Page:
What if it was possible to bust out a moto right behind the house? Not down on the lower 40 acres, but in the backyard with neighbors on all sides. For most motocross
riders this is a far-fetched dream. Noise is the biggest issue with bikes in an urban area, but an electric dirt bike like the 2011 Zero MX makes the impossible a reality. Zero Motorcycles
has been producing silent, eco-friendly two-wheelers for dirt and street in its Santa Cruz, California headquarters since 2006. For 2011, engineers went from top to bottom on the entire line, including the MX, to standardize and improve the effectiveness of this emerging motorcycle technology.
Zero is expanding its California-based design and manufacturing with a new facility in nearby Scotts Valley. This is just the beginning of a major overhaul that aims to establish Zero as a global brand rather than a liberal California start-up. A new wave of experienced motorcycle industry executives have joined the e-team and are combining their extensive knowledge of the two-wheeled world with the techno minds of Silicon Valley. For as much as Americans love to hate loud, obnoxious motorcycles, the European market has potential to be an equal or better fit.
Zero is cranking out five different bikes for the new model year including the Zero S street bike, Zero DS dual sport, Zero X off-road trail bike and the all-new Zero XU for urban commuters. These are in addition to the MX which is the stiffest and most aggressive EV in Zero’s lineup. A claimed curb weight of 196 pounds has this machine flying through the air and whipping around corners. Like the X and XU models, the MX uses a new Z-Force air induction system power pack that is rated for a maximum 2.0 kWH from the lithium-ion battery. These Z-Force batteries have a quick-charge option that cuts recharge time to around half, which means the MX can be back on the track in just over an hour.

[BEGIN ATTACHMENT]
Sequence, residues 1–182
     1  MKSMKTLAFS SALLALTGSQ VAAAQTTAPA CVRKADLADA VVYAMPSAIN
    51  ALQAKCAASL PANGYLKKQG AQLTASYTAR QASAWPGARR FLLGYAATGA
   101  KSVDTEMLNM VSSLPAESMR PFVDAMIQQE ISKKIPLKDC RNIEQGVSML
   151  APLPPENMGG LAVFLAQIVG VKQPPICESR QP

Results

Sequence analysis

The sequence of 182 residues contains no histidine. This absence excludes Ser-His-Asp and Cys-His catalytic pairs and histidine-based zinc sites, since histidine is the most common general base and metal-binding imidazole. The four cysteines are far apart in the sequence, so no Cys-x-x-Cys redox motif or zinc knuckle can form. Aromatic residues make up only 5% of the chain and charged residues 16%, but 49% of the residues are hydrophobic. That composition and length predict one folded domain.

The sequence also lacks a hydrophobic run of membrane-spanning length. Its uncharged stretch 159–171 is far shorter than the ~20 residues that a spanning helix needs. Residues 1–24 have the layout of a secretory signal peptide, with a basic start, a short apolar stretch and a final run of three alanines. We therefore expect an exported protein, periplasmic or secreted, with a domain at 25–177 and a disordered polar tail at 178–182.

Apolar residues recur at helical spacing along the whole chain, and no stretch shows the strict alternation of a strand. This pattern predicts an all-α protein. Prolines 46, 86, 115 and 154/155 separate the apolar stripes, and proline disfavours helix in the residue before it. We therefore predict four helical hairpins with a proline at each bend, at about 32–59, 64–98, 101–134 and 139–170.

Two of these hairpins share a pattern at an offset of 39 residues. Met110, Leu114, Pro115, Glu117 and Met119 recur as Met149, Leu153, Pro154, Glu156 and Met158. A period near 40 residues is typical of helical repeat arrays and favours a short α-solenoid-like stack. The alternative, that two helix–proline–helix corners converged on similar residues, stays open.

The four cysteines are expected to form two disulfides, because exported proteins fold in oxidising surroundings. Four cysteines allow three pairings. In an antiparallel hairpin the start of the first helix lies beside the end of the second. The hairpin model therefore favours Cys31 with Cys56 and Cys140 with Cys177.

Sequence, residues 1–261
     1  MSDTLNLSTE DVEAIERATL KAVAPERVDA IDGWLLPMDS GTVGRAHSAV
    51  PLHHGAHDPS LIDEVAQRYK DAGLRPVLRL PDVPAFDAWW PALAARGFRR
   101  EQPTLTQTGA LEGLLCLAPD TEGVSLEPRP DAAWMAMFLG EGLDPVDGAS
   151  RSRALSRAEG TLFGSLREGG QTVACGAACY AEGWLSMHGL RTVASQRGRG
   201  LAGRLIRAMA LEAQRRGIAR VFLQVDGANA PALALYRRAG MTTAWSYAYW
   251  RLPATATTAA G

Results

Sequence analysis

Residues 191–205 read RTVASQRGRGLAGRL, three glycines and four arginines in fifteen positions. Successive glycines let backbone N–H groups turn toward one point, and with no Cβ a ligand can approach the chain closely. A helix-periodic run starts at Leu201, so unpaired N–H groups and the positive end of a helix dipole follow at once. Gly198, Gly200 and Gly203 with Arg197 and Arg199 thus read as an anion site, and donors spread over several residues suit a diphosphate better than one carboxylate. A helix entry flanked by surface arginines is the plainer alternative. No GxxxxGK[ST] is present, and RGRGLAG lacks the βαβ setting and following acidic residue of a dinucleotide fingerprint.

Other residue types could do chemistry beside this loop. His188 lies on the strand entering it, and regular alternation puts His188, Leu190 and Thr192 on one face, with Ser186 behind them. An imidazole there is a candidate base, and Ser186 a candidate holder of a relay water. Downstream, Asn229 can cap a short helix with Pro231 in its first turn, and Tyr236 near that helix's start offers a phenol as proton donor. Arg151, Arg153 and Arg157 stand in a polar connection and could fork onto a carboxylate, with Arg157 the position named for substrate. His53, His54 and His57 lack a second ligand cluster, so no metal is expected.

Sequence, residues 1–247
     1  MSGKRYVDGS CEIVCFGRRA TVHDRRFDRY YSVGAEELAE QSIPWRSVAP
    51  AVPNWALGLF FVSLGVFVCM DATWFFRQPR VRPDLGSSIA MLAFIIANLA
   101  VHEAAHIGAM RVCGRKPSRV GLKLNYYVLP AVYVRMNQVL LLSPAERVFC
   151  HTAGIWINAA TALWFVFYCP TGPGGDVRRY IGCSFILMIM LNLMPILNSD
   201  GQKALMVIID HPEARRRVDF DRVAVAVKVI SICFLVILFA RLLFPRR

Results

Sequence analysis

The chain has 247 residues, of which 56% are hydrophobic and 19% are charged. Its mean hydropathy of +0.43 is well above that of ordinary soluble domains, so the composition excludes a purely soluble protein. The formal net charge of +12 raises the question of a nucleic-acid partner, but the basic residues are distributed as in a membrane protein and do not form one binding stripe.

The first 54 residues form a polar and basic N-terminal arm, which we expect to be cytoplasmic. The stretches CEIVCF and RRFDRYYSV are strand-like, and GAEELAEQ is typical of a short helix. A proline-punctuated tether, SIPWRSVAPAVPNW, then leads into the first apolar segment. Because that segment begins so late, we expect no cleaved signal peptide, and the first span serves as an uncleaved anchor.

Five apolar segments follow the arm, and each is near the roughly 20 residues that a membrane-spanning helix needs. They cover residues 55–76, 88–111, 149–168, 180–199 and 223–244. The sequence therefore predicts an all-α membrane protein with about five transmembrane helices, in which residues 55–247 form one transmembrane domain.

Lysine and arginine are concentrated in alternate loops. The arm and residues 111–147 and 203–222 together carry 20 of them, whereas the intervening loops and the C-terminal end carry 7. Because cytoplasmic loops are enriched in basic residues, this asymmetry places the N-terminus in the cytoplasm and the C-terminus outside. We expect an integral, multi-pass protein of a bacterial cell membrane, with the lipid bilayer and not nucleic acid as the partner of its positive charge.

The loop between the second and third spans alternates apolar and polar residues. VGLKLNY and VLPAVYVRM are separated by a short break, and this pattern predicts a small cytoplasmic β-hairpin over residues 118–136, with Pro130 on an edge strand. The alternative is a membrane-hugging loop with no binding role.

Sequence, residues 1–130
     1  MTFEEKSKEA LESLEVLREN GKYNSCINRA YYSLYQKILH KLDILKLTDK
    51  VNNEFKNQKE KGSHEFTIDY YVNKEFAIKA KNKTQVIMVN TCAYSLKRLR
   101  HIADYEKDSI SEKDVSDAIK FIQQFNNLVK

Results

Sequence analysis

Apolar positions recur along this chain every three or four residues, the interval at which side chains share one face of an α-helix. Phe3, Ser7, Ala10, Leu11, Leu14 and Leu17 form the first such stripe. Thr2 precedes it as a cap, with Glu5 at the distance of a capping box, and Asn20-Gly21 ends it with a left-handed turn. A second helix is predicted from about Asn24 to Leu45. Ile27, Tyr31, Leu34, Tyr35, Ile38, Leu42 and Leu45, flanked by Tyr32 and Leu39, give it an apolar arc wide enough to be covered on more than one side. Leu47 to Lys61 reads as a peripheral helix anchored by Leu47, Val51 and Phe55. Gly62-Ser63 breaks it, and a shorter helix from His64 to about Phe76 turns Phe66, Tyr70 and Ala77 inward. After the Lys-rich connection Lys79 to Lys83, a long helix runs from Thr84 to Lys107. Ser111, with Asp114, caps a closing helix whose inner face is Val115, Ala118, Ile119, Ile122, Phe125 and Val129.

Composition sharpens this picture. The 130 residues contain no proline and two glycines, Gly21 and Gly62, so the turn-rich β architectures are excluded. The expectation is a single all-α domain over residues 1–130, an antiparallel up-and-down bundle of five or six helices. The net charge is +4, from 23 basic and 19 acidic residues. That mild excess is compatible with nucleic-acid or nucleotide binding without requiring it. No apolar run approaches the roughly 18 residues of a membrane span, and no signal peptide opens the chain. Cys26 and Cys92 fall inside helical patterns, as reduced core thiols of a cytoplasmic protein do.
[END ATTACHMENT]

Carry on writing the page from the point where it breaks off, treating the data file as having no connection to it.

According to Zero, one of its electric motorcycle takes roughly 500 parts to build, and of those 400 are re-engineered for 2011. Zero went through it machines and focused efforts on updating each model to share as many components as possible. Items like wheels, brakes, electrical connectors and switchgear are now standardized which helps Zero control costs and pass that along to the consumer. As part of the corporate strategy, Zero is placing more emphasis on the European markets where it expects to divert half of its production.